- Use analogies and compare yourself to the fairies. What would you wear, play, and eat if you were a fairy? Would you have any pets? What type of pets? What type of work would you do? Where would you live (swamp, meadow, forest, attic, tree trunk)? What would your house be made of? How would you build your fairy house (tools, equipment, building materials, assistants)?
- How old might a fairy live to be? If fairies lived 100 years or more, how old might they be when they finally marry? Had their children? Grandchildren?
- What types of things might worry a fairy? Too little or too much rain? Finding enough to eat. Keeping warm and well protected over cold winter months. Being discovered by a mean or naughty person? Their misbehaving fairy children? The future for their children—safe and happy, or filled with unknown mystery and danger?
- Jot down ideas on a scrap paper as they come.
These are just suggestions. Keep trying, don’t be too hard on yourself, and have fun. Your fairy poetry can be any length, it can rhyme or not, whatever you like.
By Alice Cary
The storybooks have told you
Of the fairy-folk so nice,
That make them leather aprons
Of the ears of little mice,
And wear the leaves of roses
Like a cap upon their heads,
And sleep at night on thistledown,
Instead of feather beds!
These stories, too, have told you,
No doubt to your surprise,
That the fairies ride in coaches
That are drawn by butterflies;
And come into your chambers,
When you are locked in dreams,
And right across your counterpanes
Make bold to drive their teams;
And that they heap your pillows
With their gifts of rings and pearls;
But do not heed such idle tales,
My little boys and girls.
There are no fairy folk that ride
About the world at night,
Who give you rings or other things
To pay for doing right.
But if you do to others what
You’d have them do to you,
You’ll be blest as if the best
Of story-books were true.
By William Allingham
Up the airy mountain,
Down the rushy glen,
We dare not go a-hunting,
For fear of little men;
Wee folk, good folk,
Trooping all together;
Green jacket, red cap,
And white owl’s feather!
Down the rocky shore
Some make their home,
They live on crispy pancakes
Of yellow tide foam;
some in reeds
Of the black mountain lake,
With frogs for their watch-dogs,
All night awake.
The Plum puppets
By Christopher Morley
The little Plum puppets are fairies of beds;
They have nothing to do but watch sleepyheads;
They turn down the sheets and they tuck you in tight,
And dance on your pillow to wish you good night!
No matter what troubles have bothered the day,
Though your doll broke her arm or the pup ran away;
Though your handies are black with ink that was spilt–
Plum puppets are waiting in blanket and quilt.
By L. C. Gerstenfeld
Fleeting glimpses hard to find,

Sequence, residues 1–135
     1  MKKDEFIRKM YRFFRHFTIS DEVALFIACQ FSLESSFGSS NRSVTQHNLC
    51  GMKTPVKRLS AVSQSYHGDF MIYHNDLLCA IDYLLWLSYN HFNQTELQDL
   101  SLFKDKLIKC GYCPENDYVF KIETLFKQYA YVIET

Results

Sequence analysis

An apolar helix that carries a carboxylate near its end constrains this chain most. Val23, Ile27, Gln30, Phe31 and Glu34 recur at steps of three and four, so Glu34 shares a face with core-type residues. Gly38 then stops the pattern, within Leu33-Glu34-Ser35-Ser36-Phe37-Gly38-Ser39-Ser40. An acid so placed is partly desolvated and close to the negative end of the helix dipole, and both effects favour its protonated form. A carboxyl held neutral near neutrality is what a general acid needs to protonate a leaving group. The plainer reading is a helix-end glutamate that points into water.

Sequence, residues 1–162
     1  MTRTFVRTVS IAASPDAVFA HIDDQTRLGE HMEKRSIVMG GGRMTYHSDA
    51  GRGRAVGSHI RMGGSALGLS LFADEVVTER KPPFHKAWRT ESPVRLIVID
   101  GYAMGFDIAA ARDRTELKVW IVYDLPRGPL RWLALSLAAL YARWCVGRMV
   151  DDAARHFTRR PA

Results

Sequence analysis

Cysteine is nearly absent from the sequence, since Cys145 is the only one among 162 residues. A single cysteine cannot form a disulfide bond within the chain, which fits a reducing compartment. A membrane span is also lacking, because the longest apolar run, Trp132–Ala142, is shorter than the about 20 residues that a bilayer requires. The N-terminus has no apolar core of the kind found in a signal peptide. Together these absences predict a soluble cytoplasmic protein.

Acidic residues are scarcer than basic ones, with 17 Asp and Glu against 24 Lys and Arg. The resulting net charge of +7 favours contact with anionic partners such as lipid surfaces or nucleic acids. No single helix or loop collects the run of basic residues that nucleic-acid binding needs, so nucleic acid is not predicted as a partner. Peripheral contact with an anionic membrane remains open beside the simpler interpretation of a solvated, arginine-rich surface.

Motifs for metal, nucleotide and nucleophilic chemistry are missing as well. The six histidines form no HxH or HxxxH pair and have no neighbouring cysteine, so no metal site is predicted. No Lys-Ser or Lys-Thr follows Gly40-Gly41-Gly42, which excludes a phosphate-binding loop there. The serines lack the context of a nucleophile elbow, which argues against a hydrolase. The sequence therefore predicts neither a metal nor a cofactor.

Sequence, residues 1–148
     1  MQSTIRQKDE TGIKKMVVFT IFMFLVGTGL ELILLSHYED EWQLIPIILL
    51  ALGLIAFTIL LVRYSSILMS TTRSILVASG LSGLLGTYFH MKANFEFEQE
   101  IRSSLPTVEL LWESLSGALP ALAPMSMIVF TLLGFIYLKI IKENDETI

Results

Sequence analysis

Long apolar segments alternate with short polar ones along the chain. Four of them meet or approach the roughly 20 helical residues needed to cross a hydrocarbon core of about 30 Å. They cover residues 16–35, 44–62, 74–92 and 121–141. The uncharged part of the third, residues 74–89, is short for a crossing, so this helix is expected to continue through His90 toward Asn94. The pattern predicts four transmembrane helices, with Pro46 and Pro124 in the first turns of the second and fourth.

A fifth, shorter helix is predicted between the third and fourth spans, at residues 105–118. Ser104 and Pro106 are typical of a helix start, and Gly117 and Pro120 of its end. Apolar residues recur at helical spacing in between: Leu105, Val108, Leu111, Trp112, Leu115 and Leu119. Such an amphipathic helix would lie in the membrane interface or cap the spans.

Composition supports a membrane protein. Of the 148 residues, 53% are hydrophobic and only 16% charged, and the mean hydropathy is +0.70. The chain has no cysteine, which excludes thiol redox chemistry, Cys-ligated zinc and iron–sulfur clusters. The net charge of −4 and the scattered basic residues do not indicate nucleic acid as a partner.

Imagined wonders of lovely kind.
In night times waking in pleasant dreams,
In the moon’s gossamer, silver beams.
Fairies dance the night away,
Gone at dawn, in flight of day.
“Come faeries, take me out of this dull world,
for I would ride with you upon the wind
and dance upon the mountains like a flame…”
The Little Land
By Robert Louis Stevenson
When at home alone I sit
And am very tired of it,
I have just to shut my eyes
To go sailing through the skies–
To go sailing far away
To the pleasant Land of Play;
To the fairy land afar
Where the Little People are;
Where the clover-tops are trees,
And the rain-pools are the seas,
And the leaves, like little ships,
Sail about on tiny trips;
And above the Daisy tree
Through the grasses,
High o’erhead the Bumble Bee
Hums and passes
In that forest to and fro
I can wander, I can go;
See the spider and the fly,
And the ants go marching by,
Carrying parcels with their feet
Down the green and grassy street.
I can in the sorrel sit
Where the ladybird alit.
I can climb the jointed grass
And on high
See the greater swallows pass
In the sky,
And the round sun rolling by
Heeding no such things as I.
Through that forest I can pass
Till, as in a looking glass,
Humming fly and daisy tree
And my tiny self I see,
Painted very clear and neat
On the rain-pool at my feet.
Should a leaflet come to land
Drifting near to where I stand,
Straight I’ll board that tiny boat
Round the rain-pool sea to float.
Little thoughtful creatures sit
On the grassy coasts of it;
Little things with lovely eyes
See me sailing with surprise.
Some are clad in armor green—
(These have sure to battle been!)—
Some are pied with every hue,
Black and crimson, gold and blue;
Some have wings and swift are gone;–
But they all look kindly on.
When my eyes I once again
Open, and see all things plain:
High bare walls, great bare floor;
Great big knobs on drawer and door;
Great big people perched on chairs,
Stitching tucks and mending tears,
Each a hill that I could climb,
And talking nonsense all the time–
O dear me,
That I could be
A sailor on a the rain-pool sea,
A climber in the clover tree,
And just come back a sleepy-head,
Late at night to go to bed.
By Marjorie Barrows
When the winds of March are wakening
The crocuses and crickets,
Did you ever find a fairy near
Some budding little thickets,